Just how far is all this global warming nonsense going?
Well, on Tuesday, four senators proposed a bill that would create a new federal bureaucracy to oversee the growing multi-billion dollar carbon trading market.
Just what we need, right? Another monolithic bureaucracy, this one designed to help solve a problem the existence of which is greatly questioned.
As Duke University reported Tuesday (emphasis added):
Senators Mary Landrieu (D-La.), Lindsey Graham (R-S.C.), Blanche Lincoln (D-Ark.) and John Warner (R-Va.) introduced a bill to minimize negative economic impacts to consumers and industry of the transition to a lower-carbon economy while achieving critical environmental goals. The bill is designed to be incorporated into broader climate change legislation.
The measures would be implemented by a Carbon Market Efficiency Board, which would oversee what is estimated to be a multi-billion dollar emissions permit trading market. The board would operate much like the Federal Reserve Board, providing information on price and low-emission technology investment trends to Congress and the public, and it would employ cost-relief measures when a market correction is needed.
For those wondering why the Duke citation, it's because this proposal went almost totally ignored by conventional media outlets, and the University is connected to the bill: "The plan was developed with analysis provided by the Nicholas Institute for Environmental Policy Solutions of Duke University."
Why might media have ignored this? Well, one possibility is that regardless of how green the press appear today, the new federal bureaucracy they're looking to back at this point in time is universal healthcare.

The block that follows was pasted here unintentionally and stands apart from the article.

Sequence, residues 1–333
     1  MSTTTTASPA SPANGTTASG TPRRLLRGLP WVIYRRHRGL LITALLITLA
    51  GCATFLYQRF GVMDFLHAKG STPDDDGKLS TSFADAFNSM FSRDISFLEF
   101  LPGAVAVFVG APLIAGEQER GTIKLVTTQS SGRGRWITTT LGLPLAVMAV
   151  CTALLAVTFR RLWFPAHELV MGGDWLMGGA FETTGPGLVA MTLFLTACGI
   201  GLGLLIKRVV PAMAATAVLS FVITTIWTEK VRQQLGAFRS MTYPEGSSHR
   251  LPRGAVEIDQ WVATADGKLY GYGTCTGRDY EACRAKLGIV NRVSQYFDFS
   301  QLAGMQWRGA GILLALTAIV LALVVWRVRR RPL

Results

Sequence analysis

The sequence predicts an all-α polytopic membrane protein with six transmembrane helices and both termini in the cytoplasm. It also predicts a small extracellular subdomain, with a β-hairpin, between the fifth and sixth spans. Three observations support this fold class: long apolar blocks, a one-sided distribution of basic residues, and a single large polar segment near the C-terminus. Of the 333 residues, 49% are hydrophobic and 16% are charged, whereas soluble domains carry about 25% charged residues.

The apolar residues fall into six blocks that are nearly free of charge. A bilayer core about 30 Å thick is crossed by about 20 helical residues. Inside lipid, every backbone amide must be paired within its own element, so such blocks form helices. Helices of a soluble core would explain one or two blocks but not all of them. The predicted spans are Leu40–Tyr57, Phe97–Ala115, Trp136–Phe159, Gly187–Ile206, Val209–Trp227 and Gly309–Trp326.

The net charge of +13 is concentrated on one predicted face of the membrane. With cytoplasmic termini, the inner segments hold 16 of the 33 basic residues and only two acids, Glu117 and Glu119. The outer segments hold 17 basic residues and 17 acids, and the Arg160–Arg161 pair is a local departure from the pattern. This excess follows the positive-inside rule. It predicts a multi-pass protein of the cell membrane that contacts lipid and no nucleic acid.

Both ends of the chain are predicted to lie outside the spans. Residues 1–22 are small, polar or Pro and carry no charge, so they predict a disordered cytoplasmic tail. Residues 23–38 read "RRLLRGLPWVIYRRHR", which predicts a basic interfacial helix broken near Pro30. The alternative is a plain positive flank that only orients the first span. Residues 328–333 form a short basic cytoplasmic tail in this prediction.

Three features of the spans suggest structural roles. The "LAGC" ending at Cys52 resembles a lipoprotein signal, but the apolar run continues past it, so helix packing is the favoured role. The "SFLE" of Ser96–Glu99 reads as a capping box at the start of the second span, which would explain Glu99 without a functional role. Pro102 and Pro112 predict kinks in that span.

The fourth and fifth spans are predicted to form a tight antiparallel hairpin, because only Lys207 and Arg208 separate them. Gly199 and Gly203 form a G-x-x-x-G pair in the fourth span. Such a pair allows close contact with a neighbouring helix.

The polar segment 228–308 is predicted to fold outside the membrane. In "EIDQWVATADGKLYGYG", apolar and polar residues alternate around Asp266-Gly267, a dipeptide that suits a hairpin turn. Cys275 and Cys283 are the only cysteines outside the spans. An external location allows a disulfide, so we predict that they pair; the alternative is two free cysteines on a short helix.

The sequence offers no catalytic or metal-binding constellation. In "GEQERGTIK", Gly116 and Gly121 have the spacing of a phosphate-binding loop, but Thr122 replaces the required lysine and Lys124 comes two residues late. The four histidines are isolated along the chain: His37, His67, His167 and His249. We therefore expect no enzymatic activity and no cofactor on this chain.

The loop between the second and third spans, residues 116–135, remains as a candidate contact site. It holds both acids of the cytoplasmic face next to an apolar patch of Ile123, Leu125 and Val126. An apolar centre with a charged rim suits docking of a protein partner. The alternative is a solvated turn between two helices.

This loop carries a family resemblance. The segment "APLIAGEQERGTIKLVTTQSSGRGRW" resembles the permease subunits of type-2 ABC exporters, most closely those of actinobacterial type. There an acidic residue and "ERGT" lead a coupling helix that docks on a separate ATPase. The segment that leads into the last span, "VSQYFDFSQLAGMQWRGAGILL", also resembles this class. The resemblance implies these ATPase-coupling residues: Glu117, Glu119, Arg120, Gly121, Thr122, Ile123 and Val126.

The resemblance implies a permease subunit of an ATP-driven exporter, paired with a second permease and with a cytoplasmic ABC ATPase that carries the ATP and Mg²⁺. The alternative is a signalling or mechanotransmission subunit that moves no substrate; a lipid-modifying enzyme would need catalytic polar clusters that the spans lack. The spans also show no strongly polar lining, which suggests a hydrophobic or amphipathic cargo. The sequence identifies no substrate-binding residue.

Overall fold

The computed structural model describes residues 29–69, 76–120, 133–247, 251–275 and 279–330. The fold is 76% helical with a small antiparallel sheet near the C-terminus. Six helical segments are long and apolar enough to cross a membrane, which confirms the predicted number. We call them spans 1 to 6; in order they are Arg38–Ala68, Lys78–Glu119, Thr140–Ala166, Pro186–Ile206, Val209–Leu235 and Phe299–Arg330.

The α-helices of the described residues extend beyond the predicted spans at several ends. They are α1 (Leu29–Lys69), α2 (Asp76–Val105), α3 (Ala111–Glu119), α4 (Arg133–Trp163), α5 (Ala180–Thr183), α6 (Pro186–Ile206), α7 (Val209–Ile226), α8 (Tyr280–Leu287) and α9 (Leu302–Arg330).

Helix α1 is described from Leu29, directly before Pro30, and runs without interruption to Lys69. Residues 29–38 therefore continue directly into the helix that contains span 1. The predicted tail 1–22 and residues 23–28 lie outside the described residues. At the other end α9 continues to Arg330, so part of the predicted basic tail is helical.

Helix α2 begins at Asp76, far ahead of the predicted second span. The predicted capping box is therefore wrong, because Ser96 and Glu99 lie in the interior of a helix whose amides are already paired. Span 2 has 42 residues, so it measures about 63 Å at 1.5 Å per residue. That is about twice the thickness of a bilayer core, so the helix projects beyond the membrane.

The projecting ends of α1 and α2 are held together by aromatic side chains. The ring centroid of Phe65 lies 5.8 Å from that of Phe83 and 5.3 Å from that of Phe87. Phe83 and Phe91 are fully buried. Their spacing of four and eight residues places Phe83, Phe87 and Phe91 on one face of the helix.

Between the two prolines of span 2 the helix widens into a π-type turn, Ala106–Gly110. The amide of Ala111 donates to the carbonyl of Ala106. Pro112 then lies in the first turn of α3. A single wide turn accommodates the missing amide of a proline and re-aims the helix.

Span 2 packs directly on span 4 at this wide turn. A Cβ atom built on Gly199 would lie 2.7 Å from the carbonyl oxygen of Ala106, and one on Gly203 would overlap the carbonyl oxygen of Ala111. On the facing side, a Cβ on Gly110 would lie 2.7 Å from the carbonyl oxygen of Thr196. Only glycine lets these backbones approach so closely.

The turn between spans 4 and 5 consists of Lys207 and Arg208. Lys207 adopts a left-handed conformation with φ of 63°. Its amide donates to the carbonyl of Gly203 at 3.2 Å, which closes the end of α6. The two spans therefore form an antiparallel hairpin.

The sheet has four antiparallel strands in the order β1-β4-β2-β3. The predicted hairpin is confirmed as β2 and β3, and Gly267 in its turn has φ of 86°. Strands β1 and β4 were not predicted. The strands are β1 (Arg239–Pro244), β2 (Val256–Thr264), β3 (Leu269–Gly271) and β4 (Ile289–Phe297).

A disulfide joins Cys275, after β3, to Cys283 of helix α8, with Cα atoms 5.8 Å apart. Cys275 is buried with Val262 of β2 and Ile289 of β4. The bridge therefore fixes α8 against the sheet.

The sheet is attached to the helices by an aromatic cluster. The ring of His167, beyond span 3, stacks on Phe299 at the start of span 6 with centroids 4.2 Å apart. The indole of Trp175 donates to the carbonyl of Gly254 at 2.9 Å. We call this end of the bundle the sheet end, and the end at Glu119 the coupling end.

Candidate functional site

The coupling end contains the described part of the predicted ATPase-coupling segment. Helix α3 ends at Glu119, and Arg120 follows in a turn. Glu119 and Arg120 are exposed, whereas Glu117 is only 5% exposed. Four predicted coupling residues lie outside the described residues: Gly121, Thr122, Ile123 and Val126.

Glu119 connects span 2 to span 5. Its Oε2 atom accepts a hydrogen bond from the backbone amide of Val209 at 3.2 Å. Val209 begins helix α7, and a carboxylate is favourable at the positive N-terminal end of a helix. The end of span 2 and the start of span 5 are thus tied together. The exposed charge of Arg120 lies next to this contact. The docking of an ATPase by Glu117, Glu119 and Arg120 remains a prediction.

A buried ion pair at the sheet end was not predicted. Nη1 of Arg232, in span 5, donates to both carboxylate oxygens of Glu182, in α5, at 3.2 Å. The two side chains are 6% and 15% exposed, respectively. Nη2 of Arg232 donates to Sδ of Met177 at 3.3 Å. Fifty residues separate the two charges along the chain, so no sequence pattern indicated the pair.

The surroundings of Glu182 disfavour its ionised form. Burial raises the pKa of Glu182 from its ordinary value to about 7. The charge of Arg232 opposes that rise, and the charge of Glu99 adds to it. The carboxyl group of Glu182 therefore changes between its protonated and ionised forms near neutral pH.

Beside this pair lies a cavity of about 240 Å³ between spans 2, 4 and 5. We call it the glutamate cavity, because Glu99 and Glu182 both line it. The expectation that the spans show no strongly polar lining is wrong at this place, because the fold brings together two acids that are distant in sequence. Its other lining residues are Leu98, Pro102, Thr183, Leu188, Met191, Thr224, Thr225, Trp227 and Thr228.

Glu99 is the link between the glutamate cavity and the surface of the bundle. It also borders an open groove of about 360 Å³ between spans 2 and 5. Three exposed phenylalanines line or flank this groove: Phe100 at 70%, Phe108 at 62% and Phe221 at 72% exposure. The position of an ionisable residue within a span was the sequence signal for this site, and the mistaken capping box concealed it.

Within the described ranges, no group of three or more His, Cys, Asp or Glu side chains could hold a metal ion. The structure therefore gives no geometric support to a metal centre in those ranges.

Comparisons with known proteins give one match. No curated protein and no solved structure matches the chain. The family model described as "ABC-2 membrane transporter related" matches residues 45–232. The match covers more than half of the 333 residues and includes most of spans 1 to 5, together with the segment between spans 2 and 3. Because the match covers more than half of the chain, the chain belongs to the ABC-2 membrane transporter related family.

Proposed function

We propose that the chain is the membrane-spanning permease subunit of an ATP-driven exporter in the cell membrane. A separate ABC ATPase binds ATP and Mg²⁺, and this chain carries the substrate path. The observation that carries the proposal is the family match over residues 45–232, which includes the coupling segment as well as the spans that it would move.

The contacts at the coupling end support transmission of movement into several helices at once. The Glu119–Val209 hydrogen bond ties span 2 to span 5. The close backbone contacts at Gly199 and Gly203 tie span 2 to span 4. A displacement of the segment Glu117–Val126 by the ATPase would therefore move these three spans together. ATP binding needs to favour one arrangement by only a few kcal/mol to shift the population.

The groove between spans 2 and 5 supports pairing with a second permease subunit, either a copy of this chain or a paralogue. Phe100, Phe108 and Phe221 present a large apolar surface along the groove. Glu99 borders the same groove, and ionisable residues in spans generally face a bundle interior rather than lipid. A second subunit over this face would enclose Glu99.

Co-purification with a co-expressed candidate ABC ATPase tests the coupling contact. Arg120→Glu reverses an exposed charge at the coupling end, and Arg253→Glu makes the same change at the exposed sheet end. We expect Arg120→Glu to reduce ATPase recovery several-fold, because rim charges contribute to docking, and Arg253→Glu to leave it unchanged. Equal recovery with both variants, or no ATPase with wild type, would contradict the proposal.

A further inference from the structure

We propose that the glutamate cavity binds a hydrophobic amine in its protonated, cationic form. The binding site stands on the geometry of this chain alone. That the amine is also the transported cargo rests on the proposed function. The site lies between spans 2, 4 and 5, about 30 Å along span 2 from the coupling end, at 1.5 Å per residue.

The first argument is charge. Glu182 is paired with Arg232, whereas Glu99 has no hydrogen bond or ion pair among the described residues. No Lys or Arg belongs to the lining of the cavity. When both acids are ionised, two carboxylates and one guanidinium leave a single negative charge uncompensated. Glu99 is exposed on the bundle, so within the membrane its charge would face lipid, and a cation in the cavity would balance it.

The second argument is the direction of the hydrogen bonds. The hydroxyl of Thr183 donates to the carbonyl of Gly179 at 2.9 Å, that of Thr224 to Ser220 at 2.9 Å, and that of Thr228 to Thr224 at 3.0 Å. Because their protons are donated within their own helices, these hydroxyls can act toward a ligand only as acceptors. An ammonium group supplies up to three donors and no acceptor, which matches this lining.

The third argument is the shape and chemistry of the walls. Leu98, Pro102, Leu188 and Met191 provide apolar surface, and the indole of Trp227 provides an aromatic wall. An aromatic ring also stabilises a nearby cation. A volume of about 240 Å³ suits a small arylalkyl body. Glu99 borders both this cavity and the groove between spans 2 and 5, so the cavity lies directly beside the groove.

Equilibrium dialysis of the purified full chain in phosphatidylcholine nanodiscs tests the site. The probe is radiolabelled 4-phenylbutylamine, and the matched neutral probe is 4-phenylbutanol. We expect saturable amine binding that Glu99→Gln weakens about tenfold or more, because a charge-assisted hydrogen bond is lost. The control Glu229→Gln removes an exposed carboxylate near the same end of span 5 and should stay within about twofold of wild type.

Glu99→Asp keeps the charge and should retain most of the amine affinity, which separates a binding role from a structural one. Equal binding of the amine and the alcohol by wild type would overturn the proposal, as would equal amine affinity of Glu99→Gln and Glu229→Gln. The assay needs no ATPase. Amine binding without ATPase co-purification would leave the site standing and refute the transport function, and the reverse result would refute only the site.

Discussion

On the other hand, maybe they're concerned that too much coverage of the issue will kill it much as what happened to Hillary Clinton's healthcare proposal in 1993, especially given some of the similarities.
Yet, as this bill seeks to grease the wheels for stricter global warming regulations, it is nonetheless curious it went so ignored:
Concerns about containing costs have been a stumbling block for the passage of legislation to reduce U.S. greenhouse gas emissions. The new proposal focuses on providing the market with flexibility to help reduce costs. It offers two measures to relieve excessively high costs that would indicate a scarcity of low-carbon options.
Regardless of why this went virtually unnoticed, not everyone was thrilled by this proposal. As reported by Greenwire (subscription required, emphasis added):
Sen. James Inhofe (R-Okla.) offered a more critical perspective on the cost plan. "Constructing new federal bureaucracies like the proposed 'Carbon Market Efficiency Board' will do nothing to alter the climate or solve the economic issues," said Inhofe, the ranking member of the Senate Environment and Public Works Committee. Inhofe cited Massachusetts Institute of Technology climate scientist Richard Lindzen, who said in March, "Controlling carbon is a bureaucrat's dream. If you control carbon, you control life."
Makes sense. Not only that, when bureaucracies are created to save the public money, it ends up being very expensive.
Be afraid. Be very afraid.